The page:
Protecting Maine People from PFAS

Hello, this is Governor Janet Mills and thank you for listening.

PFAS are widely used and long lasting chemicals that break down slowly over time, and that threaten the health of our people, our wildlife, and our environment. That's why my Administration has worked with the Legislature to implement one of the strongest efforts in the nation to address PFAS contamination in Maine.

In 2021, the Legislature passed, and I signed, nation-leading legislation establishing an interim standard to regulate the presence of PFAS in drinking water. The standard we created in state law was only temporary because we knew that the federal government was going to work on this on its own and issue its own standard. This week, the United States Environmental Protection Agency released its final, national drinking water standard for PFAS.

The Maine CDC is closely reviewing these new Federal standards, which apply only to public drinking water systems, and they will propose a final state standard that brings our drinking water requirements into alignment. The Federal government has given states five years, and additional funding through the Bipartisan Infrastructure Law, to implement these new standards. That's a recognition that PFAS contamination is a nationwide challenge and Maine is ahead of the curve.

I appreciate this action by the federal government because it builds on our work to protect the health of Maine people from PFAS.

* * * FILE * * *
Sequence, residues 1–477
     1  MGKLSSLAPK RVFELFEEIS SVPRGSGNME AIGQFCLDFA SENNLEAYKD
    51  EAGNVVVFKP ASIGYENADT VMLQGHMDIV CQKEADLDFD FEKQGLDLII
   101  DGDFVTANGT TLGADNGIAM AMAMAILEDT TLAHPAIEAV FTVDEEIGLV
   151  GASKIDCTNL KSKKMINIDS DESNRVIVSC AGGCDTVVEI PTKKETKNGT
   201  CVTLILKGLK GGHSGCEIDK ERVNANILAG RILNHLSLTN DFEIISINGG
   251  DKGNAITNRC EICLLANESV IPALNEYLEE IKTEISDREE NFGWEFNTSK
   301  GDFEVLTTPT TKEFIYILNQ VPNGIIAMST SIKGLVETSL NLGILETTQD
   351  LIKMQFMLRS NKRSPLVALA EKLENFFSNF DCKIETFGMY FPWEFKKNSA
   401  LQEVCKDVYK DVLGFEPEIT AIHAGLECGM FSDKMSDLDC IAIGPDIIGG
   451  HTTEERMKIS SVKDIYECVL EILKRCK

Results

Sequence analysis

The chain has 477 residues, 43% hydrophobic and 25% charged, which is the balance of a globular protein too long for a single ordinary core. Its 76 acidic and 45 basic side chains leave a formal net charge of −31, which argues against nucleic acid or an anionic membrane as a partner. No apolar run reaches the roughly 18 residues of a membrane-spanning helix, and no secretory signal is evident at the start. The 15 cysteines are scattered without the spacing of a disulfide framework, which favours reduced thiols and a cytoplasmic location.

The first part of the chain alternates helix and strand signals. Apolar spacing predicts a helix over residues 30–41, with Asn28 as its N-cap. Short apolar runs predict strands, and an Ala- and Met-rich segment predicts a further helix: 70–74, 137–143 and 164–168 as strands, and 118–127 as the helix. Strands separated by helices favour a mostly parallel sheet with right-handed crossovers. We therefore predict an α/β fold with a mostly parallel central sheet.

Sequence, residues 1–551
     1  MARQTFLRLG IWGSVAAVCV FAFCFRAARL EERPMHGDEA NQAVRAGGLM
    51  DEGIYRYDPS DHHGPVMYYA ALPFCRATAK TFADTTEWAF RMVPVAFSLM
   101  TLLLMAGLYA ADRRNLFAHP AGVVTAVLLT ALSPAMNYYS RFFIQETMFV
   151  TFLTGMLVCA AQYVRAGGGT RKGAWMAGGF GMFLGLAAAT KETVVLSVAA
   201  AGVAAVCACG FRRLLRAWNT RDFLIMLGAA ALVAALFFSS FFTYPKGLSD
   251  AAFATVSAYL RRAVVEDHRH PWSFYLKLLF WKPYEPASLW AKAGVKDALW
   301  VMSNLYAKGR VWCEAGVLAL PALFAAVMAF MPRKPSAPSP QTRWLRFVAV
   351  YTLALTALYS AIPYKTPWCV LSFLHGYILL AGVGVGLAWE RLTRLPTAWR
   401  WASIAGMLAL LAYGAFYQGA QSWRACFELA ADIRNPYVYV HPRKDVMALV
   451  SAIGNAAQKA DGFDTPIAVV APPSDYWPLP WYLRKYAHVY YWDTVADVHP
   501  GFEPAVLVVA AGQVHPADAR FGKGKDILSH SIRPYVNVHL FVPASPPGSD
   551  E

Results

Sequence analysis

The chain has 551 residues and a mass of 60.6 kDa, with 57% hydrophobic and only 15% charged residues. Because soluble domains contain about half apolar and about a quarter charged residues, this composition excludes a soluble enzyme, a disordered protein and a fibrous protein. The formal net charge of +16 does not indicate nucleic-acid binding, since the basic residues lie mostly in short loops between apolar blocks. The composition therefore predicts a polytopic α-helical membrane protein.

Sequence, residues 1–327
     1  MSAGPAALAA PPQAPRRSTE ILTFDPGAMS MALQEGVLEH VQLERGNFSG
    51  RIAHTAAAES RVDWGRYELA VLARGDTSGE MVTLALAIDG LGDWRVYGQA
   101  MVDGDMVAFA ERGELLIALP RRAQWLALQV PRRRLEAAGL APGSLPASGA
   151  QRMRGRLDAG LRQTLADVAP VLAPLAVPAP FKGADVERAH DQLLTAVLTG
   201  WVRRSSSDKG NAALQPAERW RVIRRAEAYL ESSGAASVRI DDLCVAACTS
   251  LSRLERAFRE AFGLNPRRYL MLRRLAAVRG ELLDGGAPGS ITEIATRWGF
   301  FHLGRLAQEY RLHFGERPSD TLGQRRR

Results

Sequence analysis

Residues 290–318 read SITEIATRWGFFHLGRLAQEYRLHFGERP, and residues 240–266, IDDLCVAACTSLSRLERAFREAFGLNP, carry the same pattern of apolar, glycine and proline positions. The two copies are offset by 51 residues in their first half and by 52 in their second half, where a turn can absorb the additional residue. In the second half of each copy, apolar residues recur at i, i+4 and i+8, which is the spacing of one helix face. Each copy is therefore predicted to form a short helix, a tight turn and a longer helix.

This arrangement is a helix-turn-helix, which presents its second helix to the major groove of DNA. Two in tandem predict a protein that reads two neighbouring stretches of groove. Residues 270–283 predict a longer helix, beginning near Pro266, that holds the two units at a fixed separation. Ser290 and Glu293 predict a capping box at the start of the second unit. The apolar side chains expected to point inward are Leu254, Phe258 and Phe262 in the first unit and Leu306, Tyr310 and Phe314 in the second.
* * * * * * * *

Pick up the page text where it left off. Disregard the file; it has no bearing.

That work started just three months after I took office, when I established a Governor's Task Force to review the prevalence of PFAS in Maine and to put forward a plan to address it.

Led by that Task Force, Maine has dedicated tens of millions of dollars in state funding to remediate PFAS contamination in drinking water treatment systems.

We have also established screening levels for PFAS in soil, fish tissue and milk. And we've have prohibited the spreading of sludge, a widespread source of PFAS historically.

We have established a $60 million PFAS Fund to support farmers whose land and or water has been tested as having a high level of PFAS. We want these farms to survive, we want to remediate any damage to their soil and water, and make sure they stay in business.

We have dedicated funding to test hundreds of deer, turkey and fish to better understand how PFAS in the environment impacts Maine's fish and wildlife.

And we've have expanded the statute of limitations for Maine citizens to file claims related to PFAS contamination and Maine Attorney General Aaron Frey has sued PFAS manufacturers for the damage they have caused. That lawsuit is still pending.

In all, my Administration has worked with the Legislature to dedicate more than $100 million over the past several years to reduce PFAS contamination in Maine and to protect the health of our people, our wildlife, and our environment.

We know there's more to work to do too. So, my Administration will be reviewing this new Federal standard for drinking water, and the science supporting it, to inform our future actions in dealing with PFAS contamination in Maine. This is a nationwide challenge, but I am proud that we are leading the nation when it comes to addressing this.

This is Governor Janet Mills and thank you for listening. Happy Patriot's Day!